Again Wood fell cheaply, allowing Hilditch and Wessels to repeat their first innings recovery act. But soon 144/1 became 160/5, as John Emburey ripped out the heart of the Australian innings, removing Hilditch, Wessels and Ritchie in quick succession, Botham seeing off Border during the spin induced collapse at the other end. Australia limped to 190/5 at the end of play, still 12 runs in arrears, and needing some resistance on the Tuesday to see them depart from Headingley on level terms.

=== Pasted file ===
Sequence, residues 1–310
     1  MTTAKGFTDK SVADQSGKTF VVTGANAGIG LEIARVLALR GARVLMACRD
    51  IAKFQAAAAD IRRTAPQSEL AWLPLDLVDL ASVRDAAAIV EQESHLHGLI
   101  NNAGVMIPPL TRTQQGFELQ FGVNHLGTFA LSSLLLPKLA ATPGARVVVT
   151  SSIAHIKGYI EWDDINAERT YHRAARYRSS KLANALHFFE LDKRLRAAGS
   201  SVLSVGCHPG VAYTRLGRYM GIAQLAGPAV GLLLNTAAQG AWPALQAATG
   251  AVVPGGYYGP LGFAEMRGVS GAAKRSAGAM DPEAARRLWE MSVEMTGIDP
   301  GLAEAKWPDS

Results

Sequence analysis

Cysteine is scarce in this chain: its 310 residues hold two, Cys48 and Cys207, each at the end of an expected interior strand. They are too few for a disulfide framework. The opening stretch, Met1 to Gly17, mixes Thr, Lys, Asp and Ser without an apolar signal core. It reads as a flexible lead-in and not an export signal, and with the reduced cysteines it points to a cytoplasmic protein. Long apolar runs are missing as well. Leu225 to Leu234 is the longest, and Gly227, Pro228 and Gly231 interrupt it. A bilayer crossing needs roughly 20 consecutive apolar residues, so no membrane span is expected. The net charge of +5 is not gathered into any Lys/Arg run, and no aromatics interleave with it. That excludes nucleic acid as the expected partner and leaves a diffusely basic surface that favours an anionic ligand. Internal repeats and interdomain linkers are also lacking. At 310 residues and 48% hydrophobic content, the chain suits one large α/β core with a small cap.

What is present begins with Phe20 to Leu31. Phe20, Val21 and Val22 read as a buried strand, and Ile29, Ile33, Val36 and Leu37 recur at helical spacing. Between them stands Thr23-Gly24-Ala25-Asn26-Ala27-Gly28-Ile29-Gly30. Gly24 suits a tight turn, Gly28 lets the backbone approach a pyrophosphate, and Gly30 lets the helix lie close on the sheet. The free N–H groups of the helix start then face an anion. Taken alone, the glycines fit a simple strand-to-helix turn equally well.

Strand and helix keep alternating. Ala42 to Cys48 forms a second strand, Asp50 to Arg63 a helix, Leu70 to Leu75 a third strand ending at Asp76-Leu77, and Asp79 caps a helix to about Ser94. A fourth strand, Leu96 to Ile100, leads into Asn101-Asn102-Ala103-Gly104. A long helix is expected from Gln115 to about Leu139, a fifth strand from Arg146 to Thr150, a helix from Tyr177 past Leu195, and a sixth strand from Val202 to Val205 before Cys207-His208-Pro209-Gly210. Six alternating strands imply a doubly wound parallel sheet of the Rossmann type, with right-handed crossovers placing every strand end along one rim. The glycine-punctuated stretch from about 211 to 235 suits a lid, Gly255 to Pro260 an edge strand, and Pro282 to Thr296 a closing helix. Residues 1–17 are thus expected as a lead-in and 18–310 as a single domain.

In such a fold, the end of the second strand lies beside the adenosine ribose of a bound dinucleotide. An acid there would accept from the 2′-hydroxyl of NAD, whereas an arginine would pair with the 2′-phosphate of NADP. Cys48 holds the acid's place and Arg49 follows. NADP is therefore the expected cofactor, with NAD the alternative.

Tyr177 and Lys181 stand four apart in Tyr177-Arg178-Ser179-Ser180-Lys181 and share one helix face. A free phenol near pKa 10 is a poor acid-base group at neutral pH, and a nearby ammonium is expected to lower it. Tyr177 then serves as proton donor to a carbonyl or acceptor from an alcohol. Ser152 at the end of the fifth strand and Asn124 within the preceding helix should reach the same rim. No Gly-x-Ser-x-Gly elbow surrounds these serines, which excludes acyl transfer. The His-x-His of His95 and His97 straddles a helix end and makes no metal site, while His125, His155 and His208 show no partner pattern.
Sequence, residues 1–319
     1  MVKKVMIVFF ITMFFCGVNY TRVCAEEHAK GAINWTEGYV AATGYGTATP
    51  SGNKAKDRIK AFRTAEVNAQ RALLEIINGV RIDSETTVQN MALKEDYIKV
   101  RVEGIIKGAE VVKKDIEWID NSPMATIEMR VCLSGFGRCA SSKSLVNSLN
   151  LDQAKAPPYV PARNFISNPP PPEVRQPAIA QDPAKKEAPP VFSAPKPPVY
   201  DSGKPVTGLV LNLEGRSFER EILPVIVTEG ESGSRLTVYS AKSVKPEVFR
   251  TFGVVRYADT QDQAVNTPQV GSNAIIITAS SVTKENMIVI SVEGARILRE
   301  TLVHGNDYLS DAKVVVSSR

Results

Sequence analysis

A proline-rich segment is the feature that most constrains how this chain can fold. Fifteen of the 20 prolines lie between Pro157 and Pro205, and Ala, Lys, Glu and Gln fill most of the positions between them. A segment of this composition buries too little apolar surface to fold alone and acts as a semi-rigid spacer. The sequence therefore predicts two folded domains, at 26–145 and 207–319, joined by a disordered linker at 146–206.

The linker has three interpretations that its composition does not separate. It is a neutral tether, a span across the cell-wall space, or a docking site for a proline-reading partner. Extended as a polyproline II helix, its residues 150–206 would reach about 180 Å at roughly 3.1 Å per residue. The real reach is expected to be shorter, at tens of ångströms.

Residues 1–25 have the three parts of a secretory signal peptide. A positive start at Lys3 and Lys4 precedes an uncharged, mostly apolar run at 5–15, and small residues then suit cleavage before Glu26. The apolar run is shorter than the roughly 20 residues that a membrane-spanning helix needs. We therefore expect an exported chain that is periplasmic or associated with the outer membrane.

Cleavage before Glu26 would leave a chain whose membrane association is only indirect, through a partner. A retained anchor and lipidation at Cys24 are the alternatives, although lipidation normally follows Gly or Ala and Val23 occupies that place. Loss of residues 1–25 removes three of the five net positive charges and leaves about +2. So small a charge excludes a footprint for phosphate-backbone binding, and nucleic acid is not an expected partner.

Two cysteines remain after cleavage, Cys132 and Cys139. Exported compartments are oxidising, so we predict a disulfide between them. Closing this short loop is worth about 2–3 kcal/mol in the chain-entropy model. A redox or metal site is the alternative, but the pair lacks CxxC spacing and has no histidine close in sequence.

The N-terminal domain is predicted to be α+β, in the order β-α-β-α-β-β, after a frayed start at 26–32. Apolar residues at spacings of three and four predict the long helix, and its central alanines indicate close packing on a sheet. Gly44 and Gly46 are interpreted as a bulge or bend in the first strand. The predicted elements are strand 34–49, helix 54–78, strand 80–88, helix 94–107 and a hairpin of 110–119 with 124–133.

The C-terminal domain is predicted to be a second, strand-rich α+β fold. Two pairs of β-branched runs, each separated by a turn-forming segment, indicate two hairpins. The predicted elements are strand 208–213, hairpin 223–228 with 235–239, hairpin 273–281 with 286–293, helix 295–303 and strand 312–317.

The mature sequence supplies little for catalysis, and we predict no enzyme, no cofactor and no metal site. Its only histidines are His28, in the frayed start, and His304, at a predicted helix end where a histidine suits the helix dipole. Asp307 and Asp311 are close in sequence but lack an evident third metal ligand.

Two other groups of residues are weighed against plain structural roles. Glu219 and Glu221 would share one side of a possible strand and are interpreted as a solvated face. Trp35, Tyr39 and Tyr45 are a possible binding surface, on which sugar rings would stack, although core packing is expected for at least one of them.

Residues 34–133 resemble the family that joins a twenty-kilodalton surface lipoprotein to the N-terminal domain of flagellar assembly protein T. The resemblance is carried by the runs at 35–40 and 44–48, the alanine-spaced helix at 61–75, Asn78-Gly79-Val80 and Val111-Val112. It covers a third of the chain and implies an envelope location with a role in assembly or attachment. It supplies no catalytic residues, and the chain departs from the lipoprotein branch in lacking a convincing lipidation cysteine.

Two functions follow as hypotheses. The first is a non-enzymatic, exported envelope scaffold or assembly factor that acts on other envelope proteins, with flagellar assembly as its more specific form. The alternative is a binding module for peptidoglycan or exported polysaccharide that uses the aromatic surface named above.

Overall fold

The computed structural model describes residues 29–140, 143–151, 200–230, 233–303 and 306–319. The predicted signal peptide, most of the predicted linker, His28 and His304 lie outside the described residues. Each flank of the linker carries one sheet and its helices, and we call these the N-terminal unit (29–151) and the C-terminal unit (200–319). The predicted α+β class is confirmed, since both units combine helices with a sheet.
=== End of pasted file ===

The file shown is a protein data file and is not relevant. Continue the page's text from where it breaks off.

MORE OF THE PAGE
Following the English cricket team has never been an easy task, and the range of emotions us supporters often go through were very much evident on the final day of the first Ashes test of 1985. We should have known that, even though we quickly reduced Australia to 192/6, things are rarely straight forward when England are involved. Wicket keeper Phillips, and debutant O'Donnell, put on a fine 80-run partnership for the seventh wicket, Phillips particularly brutal on Paul Allott's bowling, hitting three successive fours in one over. After O'Donnell was dismissed, Phillips and Lawson nudged Australia's lead to over three figures, before Phillips fell an agonising nine runs short of a well deserved century. Emburey took the final two wickets, ending up with figures of 5/82, meaning England were left with a tricky target of 123 in 52 overs. In 1981, the Australian target had been 130, and for a while it looked as if England were doing their best to emulate the final innings chaos of that year.